Summer of the Saints

Is this really ‘The Mormon moment’? This Las Vegan says church members still face plenty of bias.

From presidential politics to Broadway, best-selling books and college sports, it’s difficult to turn on the TV or Internet lately without finding references to the Church of Jesus Christ of Latter-day Saints. A Newsweek cover even proclaimed this “The Mormon Moment.” Bully for us, I suppose. But pardon me if I don’t believe the hype. From this Mormon’s perspective, the recent buzz about all things Mormon is inconsequential.

As America wrestles with the idea of awarding its top office to someone who prays in secretive temples and believes Christ visited the Americas, it’s worth noting that here in Las Vegas we’ve never had problems with putting Mormons in power. After all, they helped settle the Valley, and from government and education to business—yes, even gaming—they’ve been instrumental in shaping the region. The man who funded the birth of the Strip (E. Parry Thomas) and the man who supplied its neon luster (Thomas Young) were both Mormons.

But across the nation, plenty of anti-Mormon bias remains. Even as Mitt Romney and Jon Huntsman vie for the Republican presidential nomination, a recent Gallup poll revealed 22 percent of Democrats and Republicans surveyed would not support a Mormon presidential candidate. Only gays, lesbians and atheists were distrusted more. And the approval numbers on Mormons haven’t improved since Gallup first measured such biases back in 1967.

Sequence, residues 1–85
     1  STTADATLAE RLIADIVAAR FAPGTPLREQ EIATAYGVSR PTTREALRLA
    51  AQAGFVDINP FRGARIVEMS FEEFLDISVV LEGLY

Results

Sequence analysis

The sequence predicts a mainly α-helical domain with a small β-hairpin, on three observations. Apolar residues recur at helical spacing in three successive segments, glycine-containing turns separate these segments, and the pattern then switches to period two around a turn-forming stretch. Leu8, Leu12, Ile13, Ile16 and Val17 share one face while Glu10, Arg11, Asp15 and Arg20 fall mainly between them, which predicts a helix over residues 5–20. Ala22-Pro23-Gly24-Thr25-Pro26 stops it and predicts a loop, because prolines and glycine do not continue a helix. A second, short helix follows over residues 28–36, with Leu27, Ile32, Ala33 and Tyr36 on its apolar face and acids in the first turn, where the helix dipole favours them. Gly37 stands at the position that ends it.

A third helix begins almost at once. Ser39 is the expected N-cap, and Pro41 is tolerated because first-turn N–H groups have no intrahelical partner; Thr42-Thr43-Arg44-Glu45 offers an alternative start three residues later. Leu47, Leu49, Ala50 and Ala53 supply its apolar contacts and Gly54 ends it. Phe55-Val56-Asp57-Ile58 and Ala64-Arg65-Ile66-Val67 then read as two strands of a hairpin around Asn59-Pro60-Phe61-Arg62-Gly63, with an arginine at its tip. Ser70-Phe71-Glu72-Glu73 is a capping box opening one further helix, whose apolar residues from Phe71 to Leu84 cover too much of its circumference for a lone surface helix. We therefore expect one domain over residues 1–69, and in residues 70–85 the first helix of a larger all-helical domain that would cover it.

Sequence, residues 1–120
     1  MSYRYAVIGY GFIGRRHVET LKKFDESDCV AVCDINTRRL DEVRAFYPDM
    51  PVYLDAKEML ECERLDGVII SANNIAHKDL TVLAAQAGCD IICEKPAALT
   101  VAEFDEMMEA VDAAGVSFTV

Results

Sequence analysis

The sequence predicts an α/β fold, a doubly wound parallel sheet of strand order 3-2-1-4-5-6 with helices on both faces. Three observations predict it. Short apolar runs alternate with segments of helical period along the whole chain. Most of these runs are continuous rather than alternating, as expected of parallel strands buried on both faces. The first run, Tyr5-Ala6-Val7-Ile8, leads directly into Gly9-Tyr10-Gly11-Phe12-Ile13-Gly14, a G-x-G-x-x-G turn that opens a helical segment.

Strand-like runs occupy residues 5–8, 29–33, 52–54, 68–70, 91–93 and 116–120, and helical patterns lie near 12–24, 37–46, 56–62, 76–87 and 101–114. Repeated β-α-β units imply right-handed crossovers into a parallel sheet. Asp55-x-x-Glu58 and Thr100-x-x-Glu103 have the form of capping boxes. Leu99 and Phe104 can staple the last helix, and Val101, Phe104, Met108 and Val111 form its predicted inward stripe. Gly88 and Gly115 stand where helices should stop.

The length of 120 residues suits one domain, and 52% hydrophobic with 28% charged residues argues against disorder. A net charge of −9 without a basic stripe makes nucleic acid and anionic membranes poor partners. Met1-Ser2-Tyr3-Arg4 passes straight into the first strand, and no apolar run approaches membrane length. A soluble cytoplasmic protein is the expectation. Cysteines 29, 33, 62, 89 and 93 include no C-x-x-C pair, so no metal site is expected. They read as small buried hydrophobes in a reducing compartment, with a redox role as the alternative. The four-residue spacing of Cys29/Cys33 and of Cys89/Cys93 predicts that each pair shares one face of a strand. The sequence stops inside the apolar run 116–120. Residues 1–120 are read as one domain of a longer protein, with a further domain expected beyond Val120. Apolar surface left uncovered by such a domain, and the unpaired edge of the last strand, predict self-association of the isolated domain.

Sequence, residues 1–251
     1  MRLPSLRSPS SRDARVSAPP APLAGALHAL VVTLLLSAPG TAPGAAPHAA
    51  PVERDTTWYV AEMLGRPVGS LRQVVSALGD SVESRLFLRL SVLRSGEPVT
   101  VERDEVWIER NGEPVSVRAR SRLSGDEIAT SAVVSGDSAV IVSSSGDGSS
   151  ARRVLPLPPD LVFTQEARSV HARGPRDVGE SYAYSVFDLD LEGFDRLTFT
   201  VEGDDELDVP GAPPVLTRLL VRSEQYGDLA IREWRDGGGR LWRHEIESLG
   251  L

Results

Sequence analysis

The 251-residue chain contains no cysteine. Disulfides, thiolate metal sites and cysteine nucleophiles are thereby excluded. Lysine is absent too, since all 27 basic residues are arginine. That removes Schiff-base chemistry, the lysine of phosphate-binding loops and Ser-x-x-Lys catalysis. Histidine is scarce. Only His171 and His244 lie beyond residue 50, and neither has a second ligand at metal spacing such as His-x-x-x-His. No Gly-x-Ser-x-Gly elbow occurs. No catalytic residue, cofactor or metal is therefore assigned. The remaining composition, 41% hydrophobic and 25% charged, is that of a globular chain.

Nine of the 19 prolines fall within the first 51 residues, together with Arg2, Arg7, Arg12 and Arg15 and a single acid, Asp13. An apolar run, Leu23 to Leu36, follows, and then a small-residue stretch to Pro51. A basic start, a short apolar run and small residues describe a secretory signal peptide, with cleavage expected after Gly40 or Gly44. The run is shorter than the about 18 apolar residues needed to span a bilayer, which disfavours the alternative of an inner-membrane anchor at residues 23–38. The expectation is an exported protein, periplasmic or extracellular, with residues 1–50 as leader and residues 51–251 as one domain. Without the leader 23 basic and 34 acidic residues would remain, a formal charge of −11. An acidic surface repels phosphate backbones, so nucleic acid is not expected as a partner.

That’s not racism, anti-Semitism or sexism. But just because the lexicon lacks the appropriate “-ism” doesn’t mean we can’t call it what it is—a prejudice. But why has anti-Mormon sentiment remained while other once-common biases dissipated?

Some resentment clearly stems from the church’s opposition to same-sex marriage. But that’s only recently become a political hot button, so it can’t account for decades-old opposition.

Meanwhile, there’s the perception that Mormons are all white Utahns. Don’t get me wrong, we’ve got a lot of white Utahns. Years ago business took me to Salt Lake City, and moments after I landed I literally walked into Donny Osmond—a walking stereotype, crashing into my carry-on. I looked around to see if Marie was nearby, enjoying a lovely Nutrisystem meal.

But you’ll probably be surprised by the (equally truthful) tale of a December morning when I heard a soulful rendition of “O Holy Night” echoing through my Henderson chapel. The singer, a woman church members call Sister McDowell, showcased an amazing voice. I’m told she still sings frequently, usually at the Tropicana, where she’s known as Gladys Knight.

More than 14 million Mormons fill nearly 29,000 congregations worldwide. And since 1996, more Mormons reside outside the United States than within. That diversification stems largely from the efforts of those ubiquitous white-shirted Mormon missionaries. In my congregation, families have sons and daughters proselytizing in Kenya, the Marshall Islands and Korea. Years ago I did the same, in urban Virginia neighborhoods whose denizens were almost exclusively black yet still included many faithful Mormons. If this church still appears short on diversity, it’s not from lack of effort.